A soft-spoken elementary school teacher from a Vancouver suburb is scared to cross the border between Canada and the United States.
Born and raised in Canada, she hasn’t always felt this way. But an intimidating encounter with U.S. customs officers in April 2016, after which she and a friend were denied entry to the U.S., changed that. She spoke to National Observer on condition of anonymity and is quoted with her initials, N.S..
Last spring, N.S., who is in her 30s and has a passion for music, was headed to Seattle, Wash. with a friend to perform with her Vancouver choir. When the women, both Indo-Canadian Muslims, reached the Peace Arch land border crossing between B.C. and Washington, they were taken into an inspection area for further questioning.
Initially, the officers seemed friendly, asking the usual questions about why “the ladies” were headed south and requesting their passports, N.S. recalled. Then, they told the women to wait, before calling them back multiple times for more information, documents and eventually, their fingerprints and photos.
“There were a couple of border patrol people wearing sunglasses inside, so you couldn’t see their eyes and it was very intimidating,” said N.S., adding that she felt “a little scared” and “unsafe” after her fingerprints were taken.
Canadians singled out because they're Muslim
After more than an hour of questioning, N.S and her friend were denied entry to the U.S. on grounds they didn’t have visas to perform professionally, she said. According to the rules, however, amateurs who don’t perform for pay can enter as tourists. The two women, who sing as a hobby, were headed to Seattle as volunteers. Everyone else in their choir of about 30 people — none of them Muslims or South Asian — crossed the border without a hitch.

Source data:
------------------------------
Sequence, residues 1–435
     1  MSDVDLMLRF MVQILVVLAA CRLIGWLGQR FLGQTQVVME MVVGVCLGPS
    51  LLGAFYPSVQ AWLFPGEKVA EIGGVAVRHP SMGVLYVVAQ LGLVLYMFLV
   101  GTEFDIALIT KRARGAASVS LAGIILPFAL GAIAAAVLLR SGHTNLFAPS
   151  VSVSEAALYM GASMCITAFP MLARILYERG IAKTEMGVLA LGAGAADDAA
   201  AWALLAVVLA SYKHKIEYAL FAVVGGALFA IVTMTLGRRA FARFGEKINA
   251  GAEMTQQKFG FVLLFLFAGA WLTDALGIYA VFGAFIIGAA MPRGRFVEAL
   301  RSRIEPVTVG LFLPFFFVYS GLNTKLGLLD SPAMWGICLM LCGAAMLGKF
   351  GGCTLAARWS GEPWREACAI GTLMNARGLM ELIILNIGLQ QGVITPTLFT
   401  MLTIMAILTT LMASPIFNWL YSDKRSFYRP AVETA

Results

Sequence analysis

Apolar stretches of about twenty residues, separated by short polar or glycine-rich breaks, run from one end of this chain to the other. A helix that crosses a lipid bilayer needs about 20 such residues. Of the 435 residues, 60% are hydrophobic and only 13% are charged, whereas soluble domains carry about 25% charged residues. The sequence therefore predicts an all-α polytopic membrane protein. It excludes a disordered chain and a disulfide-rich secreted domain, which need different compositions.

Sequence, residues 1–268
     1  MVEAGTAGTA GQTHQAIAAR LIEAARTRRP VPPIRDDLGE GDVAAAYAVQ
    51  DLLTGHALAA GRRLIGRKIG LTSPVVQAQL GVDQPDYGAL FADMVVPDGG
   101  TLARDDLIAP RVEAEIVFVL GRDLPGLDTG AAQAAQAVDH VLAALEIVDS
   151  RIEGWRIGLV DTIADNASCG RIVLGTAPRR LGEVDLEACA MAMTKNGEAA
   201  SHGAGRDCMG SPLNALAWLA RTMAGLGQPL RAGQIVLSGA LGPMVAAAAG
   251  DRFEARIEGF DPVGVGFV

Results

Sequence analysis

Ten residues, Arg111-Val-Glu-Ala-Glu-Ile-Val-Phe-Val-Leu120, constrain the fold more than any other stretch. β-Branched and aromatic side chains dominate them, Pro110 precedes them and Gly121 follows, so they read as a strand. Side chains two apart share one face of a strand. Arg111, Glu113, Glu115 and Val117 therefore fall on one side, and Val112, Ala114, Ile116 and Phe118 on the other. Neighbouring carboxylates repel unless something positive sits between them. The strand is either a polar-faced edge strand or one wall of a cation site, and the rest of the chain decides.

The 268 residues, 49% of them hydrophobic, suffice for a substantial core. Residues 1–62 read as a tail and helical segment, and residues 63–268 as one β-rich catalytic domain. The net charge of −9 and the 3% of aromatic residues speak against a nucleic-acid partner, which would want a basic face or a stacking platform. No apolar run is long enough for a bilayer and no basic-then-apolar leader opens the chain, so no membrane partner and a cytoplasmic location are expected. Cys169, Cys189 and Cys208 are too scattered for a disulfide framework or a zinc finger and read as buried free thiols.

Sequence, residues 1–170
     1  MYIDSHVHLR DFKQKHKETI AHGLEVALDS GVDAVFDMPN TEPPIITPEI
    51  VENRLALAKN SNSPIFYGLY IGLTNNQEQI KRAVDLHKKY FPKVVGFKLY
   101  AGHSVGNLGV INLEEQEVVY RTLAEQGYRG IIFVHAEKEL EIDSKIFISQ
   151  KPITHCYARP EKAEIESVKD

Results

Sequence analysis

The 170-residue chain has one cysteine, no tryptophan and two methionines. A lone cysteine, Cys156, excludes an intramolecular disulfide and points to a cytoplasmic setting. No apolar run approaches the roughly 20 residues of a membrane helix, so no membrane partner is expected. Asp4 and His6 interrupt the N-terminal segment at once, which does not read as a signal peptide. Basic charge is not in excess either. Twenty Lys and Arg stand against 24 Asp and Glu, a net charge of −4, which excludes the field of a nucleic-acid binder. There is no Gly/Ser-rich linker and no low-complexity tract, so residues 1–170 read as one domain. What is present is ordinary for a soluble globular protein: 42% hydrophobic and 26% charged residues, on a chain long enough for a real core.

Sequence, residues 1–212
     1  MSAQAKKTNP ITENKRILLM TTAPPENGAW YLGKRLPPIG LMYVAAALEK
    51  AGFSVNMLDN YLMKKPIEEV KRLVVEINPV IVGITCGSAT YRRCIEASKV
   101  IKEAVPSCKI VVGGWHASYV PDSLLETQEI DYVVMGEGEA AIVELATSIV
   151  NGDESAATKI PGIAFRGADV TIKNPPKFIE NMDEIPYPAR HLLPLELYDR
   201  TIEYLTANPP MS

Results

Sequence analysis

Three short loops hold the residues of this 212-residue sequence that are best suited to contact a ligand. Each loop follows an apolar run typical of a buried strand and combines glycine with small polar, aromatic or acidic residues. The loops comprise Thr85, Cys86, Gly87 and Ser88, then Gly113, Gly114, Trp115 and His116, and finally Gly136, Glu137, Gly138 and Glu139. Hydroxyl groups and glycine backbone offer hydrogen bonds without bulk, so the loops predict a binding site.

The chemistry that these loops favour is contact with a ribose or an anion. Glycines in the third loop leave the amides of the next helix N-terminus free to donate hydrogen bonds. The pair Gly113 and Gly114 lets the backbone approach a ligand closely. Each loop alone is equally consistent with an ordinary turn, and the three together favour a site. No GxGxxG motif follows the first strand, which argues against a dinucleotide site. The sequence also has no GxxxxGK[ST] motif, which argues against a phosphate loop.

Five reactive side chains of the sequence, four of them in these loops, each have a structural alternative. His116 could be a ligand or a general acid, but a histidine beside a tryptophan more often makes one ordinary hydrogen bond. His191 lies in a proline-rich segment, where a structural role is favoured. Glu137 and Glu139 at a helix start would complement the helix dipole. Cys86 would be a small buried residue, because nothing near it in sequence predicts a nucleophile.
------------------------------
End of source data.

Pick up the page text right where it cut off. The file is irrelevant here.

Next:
Like others Canadians more recently denied entry to the U.S., including a Montreal woman who had religious videos on her phone and a Canadian track athlete with Moroccan roots, N.S. is a Muslim. But N.S. was denied entry many months before Donald Trump was elected president and ordered a “travel ban” on citizens of seven Muslim-majority countries. The ban has been struck down by the courts for now.
Even as Trump’s policies on immigration spark global criticism, cases like N.S.’s underscore how the U.S.-Canada border has long been a space where Canadians can be subjected to scrutiny by U.S. law enforcement without the same expectations of privacy as they would have from Canadian law enforcement.
But now that the United States has an administration hostile to immigrants and Muslims, the extent to which Canadians are subjected to scrutiny under those same roles seems set to increase. This development, combined with amendments to the Preclearance Act currently before Parliament, has left some lawyers alarmed that Canadians could face increased scrutiny and discrimination when crossing the border.
In the process, stories like N.S.’s may become more commonplace.
“It’s important to remember that Canadians have no right to enter the United States,” said Laura Track, a lawyer at the BC Civil Liberties Association. “U.S. border officials have always had these broad powers to ask questions of potential travellers and refuse access to the country.”
Significant increase in discrimination allegations
Long before Trump, U.S. customs officers used their powers of discretion to deny Canadians the ability to cross for a variety of reasons, she added. At various points in the past, having HIV/AIDS, a history of mental health problems and a recorded suicide attempt have all served as grounds for keeping Canadians out of America.